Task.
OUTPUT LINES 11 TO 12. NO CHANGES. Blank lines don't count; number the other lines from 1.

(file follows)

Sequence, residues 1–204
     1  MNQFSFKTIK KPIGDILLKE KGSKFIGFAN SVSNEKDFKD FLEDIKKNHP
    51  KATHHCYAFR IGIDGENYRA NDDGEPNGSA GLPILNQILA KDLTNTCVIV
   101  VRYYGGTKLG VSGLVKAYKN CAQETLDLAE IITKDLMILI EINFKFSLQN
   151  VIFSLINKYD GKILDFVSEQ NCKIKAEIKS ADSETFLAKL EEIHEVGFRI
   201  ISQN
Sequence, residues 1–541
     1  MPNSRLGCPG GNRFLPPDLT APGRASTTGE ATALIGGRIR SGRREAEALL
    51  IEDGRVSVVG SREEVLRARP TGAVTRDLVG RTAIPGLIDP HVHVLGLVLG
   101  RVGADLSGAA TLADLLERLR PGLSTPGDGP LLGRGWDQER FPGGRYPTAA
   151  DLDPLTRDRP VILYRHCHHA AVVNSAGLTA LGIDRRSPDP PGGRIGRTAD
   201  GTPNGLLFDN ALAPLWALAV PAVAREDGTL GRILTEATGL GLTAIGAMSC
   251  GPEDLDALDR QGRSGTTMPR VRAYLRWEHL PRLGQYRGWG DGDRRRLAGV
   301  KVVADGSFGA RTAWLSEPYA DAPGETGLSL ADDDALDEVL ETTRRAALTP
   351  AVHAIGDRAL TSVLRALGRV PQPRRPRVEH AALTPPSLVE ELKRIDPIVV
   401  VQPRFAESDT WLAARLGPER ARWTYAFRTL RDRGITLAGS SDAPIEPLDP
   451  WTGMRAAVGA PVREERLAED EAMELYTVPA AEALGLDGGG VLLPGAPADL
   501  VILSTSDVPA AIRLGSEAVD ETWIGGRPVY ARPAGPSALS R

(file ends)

   151  DLDPLTRDRP VILYRHCHHA AVVNSAGLTA LGIDRRSPDP PGGRIGRTAD
   201  GTPNGLLFDN ALAPLWALAV PAVAREDGTL GRILTEATGL GLTAIGAMSC